Particular aspects: work & hours - qualifying hours and determining the number of hours worked
To qualify for Working Tax Credit
- individuals without children or who do not qualify for the disability element have to work at least 30 hours per week
- couples without children or who do not qualify for the disability element must have one partner working at least 30 hours per week
- individuals that qualify for the disability element must work at least 16 hours per week
- individuals age 60 or over must work at least 16 hours per week
Note: From 6 April 2012 couples with children will only be eligible for WTC if one person works at least 16 hours per week and
- they work a combined total of 24 hours per week
the other person is:
- classified as incapacitated or having a limited capability for work
- an in-patient in hospital
- in prison (whether serving a custodial sentence or remanded in custody awaiting trial or sentence).
- receiving Carer’s Allowance
- entitled to Carer’s Allowance, but not actually getting any payments as they receive other benefits instead.
Note: The Carer’s Allowance exception only applies from 6 April 2012. The customer may be entitled to Carer’s Allowance but not actually get any payments as they receive other benefits instead
Note: the requirement of a couple with children to work 24 hours a week could be fulfilled by one partner working 24 hours or by one partner working at least 16 hours and the other partner’s working hours taking the total between them to 24 hours or more. Be aware that certain exceptions still apply such as sick leave, maternity leave or being incapacitated for WTC purposes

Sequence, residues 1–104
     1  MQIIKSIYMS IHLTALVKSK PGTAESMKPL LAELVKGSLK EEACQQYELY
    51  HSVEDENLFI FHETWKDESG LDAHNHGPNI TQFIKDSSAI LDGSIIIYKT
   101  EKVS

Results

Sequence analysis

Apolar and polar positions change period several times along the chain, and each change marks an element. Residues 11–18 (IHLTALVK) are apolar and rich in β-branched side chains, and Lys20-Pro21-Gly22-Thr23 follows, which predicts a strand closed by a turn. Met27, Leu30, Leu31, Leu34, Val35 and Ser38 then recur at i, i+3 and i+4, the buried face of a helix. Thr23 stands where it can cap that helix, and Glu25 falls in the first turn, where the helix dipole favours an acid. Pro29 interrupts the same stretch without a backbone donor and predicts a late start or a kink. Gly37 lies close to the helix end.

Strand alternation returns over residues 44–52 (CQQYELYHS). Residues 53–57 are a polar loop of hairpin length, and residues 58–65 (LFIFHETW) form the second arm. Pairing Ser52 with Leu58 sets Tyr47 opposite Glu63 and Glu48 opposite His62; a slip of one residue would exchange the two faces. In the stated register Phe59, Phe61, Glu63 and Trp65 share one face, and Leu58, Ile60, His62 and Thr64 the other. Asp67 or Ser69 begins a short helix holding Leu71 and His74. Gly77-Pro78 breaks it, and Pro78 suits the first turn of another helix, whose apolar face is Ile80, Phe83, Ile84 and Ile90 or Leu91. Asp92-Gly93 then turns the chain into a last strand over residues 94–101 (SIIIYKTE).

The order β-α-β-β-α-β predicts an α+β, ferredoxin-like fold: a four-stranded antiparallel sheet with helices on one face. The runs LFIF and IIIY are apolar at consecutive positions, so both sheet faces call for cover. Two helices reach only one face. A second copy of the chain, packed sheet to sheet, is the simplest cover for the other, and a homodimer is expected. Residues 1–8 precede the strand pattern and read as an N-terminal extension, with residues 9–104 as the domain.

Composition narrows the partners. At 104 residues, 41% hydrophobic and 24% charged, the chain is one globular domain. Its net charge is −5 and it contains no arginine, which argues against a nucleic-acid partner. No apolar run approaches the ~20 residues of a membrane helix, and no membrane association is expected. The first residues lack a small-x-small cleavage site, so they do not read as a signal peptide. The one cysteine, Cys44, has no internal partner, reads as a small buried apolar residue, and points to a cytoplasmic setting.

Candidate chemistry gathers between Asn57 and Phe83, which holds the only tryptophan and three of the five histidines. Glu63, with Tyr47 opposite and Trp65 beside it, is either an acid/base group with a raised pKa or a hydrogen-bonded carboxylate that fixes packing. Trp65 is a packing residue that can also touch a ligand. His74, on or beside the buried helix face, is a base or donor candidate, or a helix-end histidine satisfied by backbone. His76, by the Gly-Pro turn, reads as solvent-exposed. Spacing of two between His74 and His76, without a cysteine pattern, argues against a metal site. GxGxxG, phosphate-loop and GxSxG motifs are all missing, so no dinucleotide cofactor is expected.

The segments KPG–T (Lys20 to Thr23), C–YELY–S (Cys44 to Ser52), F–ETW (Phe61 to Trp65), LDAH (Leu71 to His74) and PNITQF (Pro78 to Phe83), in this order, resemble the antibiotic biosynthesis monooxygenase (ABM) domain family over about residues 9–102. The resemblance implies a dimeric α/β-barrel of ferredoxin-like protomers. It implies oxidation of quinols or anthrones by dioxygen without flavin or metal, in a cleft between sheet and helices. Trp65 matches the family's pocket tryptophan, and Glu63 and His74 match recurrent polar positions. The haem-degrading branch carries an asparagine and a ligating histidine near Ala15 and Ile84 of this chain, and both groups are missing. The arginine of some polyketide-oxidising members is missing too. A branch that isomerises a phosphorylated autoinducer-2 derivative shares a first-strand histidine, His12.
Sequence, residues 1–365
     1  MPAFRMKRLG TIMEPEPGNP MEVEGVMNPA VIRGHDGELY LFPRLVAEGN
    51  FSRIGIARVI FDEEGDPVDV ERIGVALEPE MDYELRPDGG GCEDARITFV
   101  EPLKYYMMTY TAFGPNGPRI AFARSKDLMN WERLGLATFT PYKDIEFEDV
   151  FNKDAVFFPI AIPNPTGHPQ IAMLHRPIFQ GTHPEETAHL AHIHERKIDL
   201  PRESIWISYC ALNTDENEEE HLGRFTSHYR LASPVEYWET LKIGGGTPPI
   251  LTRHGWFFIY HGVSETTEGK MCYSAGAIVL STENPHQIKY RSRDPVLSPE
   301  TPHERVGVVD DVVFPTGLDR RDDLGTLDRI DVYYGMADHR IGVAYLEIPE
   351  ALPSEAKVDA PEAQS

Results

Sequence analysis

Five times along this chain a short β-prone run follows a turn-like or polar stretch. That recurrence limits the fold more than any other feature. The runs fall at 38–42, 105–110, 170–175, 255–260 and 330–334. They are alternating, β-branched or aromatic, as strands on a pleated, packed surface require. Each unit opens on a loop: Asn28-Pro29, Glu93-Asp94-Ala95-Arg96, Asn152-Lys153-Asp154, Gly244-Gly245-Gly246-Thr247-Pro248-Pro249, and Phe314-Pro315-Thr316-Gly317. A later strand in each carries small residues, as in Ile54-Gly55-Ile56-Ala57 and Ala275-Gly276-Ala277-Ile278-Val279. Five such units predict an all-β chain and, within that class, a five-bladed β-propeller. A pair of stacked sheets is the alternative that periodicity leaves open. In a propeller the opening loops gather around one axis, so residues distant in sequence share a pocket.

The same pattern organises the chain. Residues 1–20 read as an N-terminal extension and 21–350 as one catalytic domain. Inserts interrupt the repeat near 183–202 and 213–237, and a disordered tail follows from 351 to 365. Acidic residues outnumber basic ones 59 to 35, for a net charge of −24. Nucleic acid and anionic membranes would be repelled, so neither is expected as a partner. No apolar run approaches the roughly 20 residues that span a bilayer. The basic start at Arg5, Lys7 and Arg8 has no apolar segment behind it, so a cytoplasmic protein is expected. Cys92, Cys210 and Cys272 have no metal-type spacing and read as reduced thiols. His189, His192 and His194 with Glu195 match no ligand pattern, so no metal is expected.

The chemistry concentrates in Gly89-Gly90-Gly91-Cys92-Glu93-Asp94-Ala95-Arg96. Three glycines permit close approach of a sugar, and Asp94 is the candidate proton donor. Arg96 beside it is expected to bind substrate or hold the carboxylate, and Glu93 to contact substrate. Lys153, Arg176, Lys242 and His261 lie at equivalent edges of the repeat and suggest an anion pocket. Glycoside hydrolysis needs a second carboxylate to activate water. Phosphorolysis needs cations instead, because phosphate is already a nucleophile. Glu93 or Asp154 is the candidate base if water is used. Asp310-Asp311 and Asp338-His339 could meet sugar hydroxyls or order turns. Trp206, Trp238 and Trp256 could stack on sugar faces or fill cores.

They must work, either individually or in aggregate, at least 30 hours a week to qualify for the 30 hour element (an additional amount of tax credit).
Determining the Number of Hours Worked
In the straightforward case it is a simple matter to arrive at the number of hours worked. An employee’s contract will usually state not only the minimum number of hours to be worked, but also the number of days per week, the start and finish times of each day and the amount of time to be taken for tea and lunch breaks.
There are however many situations where the calculation is more complex. Arriving at an accurate assessment of the number of hours worked by self-employed customers, for instance, can be particularly challenging. The statute refers to the number of hours the self-employed person “performs for payment or in expectation of payment”. CCM6770 contains more detailed guidance on determining the hours worked by self-employed customers.
Agency workers can also present problems, particularly if they are “IR35” cases. The statute says that an agency worker’s qualifying hours are the number of hours for which an employment agency with whom s/he has a contract of employment normally pays him / her remuneration.